Britain’s Supercar Macca

McLaren Automotive is no stranger to success. In the last decade of Formula 1 competition, the British manufacturer, best known for its racing achievements, has failed to make the World Constructors’ Championship (WCC) podium only once. Unfortunately for the company, Formula 1 is about as popular as cricket in the United States, and most American luxury-car buyers tend to associate the marque with the recently retired Mercedes-Benz SLR McLaren supercar. However, now that production of this nearly $500,000 exotic has been officially discontinued, McLaren is free to do things its own way. Enter the McLaren MP4-12C, which will be introduced in the United States in 2012.

“The last time we sold a car, there were only 65 road versions built,” says Antony Sheriff, managing director of McLaren Automotive, referring to the company’s highly acclaimed F1 supercar. “This time around, we are looking to sell 1,000 cars in the first year alone.”

This may sound like an ambitious goal, but with 2,700 intent-to-purchase requests and—by the time the vehicle launches—more than one million miles of prototype testing, McLaren is poised to contend with the likes of Ferrari, Lamborghini, Aston Martin, and even its former development partner, Mercedes-Benz. The all-new MP4-12C—known to company insiders as the 12C—is the first car from McLaren to be engineered, designed, and manufactured entirely in-house. Even the F1 employed a third-party resource in the power train: a BMW V-12 engine. When McLaren’s new car goes into production, it will be equipped with a twin-turbo, 3.8-liter V-8 engine that produces 592 hp and 433 ft lbs of torque; but the real secret behind the 12C’s performance credentials is its carbon-fiber-chassis design.

“The car is built from the inside out,” says Sheriff. “With the SLR, we were presented with the design and had to engineer around it. But with the 12C, we started with the chassis, which is made from one solid piece of carbon fiber. This comes out of a specially designed mold every four hours and significantly reduces the cost of creating a car out of carbon fiber. Without the tub [chassis], there simply wouldn’t be a car.”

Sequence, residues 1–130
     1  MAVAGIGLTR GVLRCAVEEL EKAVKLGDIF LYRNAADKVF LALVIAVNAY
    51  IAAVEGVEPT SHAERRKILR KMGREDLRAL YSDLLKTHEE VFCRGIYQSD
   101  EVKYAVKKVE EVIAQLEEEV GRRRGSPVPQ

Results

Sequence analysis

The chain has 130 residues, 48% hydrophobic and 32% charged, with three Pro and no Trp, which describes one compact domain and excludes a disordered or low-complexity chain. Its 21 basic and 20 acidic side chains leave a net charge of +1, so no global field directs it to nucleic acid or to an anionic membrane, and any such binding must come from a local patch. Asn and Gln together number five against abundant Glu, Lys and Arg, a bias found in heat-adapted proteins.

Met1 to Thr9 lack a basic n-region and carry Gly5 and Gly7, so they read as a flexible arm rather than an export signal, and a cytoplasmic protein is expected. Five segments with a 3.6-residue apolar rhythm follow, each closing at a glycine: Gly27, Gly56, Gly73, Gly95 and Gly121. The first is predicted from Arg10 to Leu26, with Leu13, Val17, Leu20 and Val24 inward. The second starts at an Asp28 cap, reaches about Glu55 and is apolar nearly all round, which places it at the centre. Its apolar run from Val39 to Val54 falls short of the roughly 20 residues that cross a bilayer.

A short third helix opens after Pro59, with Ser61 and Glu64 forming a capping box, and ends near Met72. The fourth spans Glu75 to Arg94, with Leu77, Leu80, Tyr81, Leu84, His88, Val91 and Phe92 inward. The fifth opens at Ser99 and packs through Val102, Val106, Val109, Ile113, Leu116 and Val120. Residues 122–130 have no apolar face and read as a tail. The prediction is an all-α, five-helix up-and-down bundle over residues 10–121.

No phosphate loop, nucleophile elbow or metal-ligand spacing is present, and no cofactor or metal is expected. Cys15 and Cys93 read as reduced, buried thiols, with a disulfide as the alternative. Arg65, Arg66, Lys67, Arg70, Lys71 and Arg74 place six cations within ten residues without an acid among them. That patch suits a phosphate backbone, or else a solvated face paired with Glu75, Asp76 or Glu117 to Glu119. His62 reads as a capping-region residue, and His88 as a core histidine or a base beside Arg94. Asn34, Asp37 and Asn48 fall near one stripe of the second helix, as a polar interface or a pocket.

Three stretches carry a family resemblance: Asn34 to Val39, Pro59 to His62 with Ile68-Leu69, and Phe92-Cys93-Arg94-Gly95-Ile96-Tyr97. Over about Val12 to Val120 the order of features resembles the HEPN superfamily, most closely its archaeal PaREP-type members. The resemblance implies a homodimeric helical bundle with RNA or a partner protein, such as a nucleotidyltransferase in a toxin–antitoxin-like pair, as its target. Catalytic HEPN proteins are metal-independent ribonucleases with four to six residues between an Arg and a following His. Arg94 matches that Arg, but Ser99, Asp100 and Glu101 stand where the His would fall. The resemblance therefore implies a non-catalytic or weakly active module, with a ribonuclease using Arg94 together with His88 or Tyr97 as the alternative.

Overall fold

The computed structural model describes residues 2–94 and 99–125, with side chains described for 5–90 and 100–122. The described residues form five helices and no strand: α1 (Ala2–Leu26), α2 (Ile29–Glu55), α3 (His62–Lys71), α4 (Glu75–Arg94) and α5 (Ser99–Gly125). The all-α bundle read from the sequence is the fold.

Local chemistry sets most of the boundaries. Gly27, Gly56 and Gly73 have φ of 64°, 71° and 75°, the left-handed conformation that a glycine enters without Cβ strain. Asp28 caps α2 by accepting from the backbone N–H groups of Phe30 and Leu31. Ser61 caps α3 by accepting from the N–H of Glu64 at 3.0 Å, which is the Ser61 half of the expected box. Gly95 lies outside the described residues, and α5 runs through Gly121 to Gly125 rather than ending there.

This type of carbon-fiber construction will make the MP4-12C one of the lightest sports cars on the market—and also one of the fastest. McLaren says that the vehicle will reach 60 mph in less than four seconds and carry on to a top speed of more than 200 mph. While these performance figures are impressive, the 12C was never designed to be the successor to the McLaren F1. The automaker has a much broader strategy in mind this time around.

“We have a product plan until 2021,” says Sheriff. “After we launch the 12C, we are set up to have a new model every year and eventually offer a full product lineup. The first car is obviously a two-door V-8 that will sit alongside the Ferrari 458 Italia, but you will also see a car above that and below it within the next five to six years.”

To share in detail its plans for the coming years, McLaren Automotive invited Robb Report to its manufacturing facility in Woking, England, 30 minutes outside London, to view the forthcoming car and the factory firsthand.

At first glance, the building’s avant-garde architecture seemed out of place on the otherwise vacant plot of British countryside. Yet an aerial view revealed that the structure is designed in the shape of the Chinese yin-yang symbol—an emblem that expresses the company’s core belief that, in this new venture, all elements must work together for the greater good.

“The Formula 1 division and road-car development are only about one minute away from each other,” says Sheriff. “What we have is everything being built under the same roof, so the knowledge is spread throughout the company.”

In fact, many of the 12C’s aerodynamic aspects were developed and mapped out by several of the same people who work on the Formula 1 cars. Once the overall concept was established, the basic exterior design was further refined in the on-site wind tunnel, so that McLaren engineers could practically predict how the new car would perform before the first prototype even left the factory.